TULSA, Okla. – A year ago, when the lines were first being drawn between the establishment PGA Tour and the upstart LIV Golf concept, PGA of America CEO Seth Waugh pledged his association’s loyalty to what he called, the current “golf ecosystem.”
Twelve eventful months later, neither Waugh nor the PGA have changed opinions on LIV Golf, which is now poised to kick off an eight-event invitational series in June.
“We think the structure of – I don't know if it's a league, it's not a league at this point – but the league structure is somewhat flawed,” Waugh said Tuesday at the PGA Championship.
Waugh was also asked if players who choose to play the LIV Golf events – a list that appears to include reigning PGA champion Phil Mickelson, who opted not to defend his title – would still be allowed to play the PGA Championship and the Ryder Cup, which is a PGA of America property.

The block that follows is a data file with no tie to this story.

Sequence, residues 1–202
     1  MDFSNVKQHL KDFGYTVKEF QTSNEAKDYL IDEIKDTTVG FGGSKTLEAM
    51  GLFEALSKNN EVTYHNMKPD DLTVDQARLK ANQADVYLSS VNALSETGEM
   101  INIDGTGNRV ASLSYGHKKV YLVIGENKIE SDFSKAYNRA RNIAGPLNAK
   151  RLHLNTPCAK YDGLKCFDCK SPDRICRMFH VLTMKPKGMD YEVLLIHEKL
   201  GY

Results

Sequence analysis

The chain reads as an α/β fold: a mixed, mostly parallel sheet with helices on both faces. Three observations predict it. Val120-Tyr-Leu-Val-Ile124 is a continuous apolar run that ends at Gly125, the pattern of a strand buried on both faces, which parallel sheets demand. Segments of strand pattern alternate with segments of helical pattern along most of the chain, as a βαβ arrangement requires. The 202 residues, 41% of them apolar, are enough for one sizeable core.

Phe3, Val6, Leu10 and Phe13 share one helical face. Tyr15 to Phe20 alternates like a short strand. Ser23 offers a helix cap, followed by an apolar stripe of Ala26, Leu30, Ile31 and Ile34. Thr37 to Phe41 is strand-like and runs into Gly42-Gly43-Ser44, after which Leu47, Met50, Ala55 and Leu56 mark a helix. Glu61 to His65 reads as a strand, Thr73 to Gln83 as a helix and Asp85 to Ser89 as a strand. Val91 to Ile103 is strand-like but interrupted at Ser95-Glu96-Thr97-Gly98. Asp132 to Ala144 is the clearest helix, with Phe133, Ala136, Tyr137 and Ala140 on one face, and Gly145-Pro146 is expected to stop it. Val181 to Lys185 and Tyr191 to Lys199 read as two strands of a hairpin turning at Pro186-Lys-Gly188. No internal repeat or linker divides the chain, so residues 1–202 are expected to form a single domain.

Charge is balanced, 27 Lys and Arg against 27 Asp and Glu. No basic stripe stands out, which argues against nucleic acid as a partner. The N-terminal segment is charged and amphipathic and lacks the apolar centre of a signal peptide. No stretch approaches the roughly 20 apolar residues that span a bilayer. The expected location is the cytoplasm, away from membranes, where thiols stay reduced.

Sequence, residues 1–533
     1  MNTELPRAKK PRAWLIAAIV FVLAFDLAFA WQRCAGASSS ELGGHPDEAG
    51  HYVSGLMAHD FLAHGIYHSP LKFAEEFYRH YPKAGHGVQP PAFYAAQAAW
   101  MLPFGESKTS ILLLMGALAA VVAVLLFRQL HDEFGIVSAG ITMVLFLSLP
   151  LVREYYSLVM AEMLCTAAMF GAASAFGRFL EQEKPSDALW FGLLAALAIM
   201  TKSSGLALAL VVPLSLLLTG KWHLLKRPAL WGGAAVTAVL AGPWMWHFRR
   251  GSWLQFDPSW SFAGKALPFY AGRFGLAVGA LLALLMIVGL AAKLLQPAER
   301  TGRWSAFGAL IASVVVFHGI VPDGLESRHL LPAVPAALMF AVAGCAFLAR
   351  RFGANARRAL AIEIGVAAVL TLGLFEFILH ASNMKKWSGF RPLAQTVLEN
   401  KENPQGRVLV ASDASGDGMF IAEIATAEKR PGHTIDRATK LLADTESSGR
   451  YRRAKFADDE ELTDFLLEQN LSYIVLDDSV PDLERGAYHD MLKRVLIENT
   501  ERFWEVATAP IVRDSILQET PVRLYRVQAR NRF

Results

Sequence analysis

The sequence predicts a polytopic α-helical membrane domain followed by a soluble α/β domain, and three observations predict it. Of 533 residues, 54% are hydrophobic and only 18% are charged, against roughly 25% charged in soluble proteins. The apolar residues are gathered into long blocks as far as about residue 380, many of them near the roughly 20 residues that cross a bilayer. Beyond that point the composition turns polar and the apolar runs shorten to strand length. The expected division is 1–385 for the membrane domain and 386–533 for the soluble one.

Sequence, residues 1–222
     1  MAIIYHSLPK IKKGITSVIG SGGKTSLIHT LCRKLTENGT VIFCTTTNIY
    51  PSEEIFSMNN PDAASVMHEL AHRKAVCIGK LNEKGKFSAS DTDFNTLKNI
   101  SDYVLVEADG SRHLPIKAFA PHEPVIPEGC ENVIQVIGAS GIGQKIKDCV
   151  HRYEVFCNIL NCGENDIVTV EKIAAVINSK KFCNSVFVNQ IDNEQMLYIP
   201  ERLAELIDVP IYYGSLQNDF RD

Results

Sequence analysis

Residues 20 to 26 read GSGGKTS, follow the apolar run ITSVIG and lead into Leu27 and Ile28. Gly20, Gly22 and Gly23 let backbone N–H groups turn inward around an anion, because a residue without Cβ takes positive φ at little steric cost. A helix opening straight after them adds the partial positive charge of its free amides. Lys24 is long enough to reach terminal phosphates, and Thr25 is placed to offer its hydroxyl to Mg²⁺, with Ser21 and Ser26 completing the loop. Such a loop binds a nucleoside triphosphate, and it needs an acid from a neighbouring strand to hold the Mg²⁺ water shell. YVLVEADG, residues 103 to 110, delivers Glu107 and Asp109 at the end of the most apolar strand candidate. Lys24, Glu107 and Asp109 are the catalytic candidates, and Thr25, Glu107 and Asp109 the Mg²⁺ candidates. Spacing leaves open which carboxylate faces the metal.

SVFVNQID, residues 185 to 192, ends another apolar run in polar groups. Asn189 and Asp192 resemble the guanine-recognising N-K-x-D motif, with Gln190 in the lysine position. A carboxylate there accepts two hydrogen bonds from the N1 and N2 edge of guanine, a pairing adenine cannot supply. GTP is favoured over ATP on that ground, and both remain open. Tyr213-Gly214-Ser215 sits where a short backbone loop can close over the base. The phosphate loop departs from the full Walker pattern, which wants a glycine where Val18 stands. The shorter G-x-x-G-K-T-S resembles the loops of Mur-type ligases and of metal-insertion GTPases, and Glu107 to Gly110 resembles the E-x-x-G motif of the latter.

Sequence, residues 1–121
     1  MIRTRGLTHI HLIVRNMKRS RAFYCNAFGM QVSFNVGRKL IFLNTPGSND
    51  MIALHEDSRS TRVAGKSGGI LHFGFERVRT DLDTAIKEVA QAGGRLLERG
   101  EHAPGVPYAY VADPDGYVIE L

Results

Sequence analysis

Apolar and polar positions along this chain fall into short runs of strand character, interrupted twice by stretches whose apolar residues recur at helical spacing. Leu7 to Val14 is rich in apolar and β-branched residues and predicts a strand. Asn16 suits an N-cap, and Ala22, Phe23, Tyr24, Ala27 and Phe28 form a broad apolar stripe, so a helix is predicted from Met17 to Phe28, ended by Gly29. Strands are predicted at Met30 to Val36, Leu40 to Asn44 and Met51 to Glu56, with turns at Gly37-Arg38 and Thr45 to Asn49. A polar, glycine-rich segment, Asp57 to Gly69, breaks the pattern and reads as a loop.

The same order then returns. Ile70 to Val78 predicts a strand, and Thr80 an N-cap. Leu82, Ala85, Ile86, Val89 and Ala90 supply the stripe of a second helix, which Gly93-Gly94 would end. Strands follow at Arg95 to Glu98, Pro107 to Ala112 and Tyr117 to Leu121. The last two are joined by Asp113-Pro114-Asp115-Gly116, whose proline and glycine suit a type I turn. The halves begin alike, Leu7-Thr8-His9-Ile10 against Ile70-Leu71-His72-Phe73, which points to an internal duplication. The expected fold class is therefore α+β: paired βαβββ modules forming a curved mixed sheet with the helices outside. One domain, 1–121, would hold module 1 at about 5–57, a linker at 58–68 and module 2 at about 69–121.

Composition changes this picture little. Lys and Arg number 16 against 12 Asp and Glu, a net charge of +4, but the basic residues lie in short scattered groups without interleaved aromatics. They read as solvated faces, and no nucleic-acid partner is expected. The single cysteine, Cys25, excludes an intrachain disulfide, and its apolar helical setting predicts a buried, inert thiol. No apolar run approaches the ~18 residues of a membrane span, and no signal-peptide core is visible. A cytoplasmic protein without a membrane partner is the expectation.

“Our bylaws do say that you have to be a recognized member of a recognized tour in order to be a PGA member somewhere, and therefore eligible to play,” Waugh said.
Under the current structure, the LIV Golf Invitational Series would likely not qualify as a “recognized tour,” although the Saudi-backed fund behind the series has made a multi-million-dollar investment in the Asian Tour, which would possibly qualify as recognized.
The bigger question for Waugh, as well as the USGA, R&A and Augusta National, is how golf’s current power structure will respond if more high-profile players like Mickelson defy the PGA Tour’s ruling to deny conflicting-event releases into LIV Golf events.
“I don't know what it'll look like next year. We don't think [LIV Golf] is good for the game and we are supportive of that ecosystem,” he said. “We have our own bylaws that we will follow towards those fields.”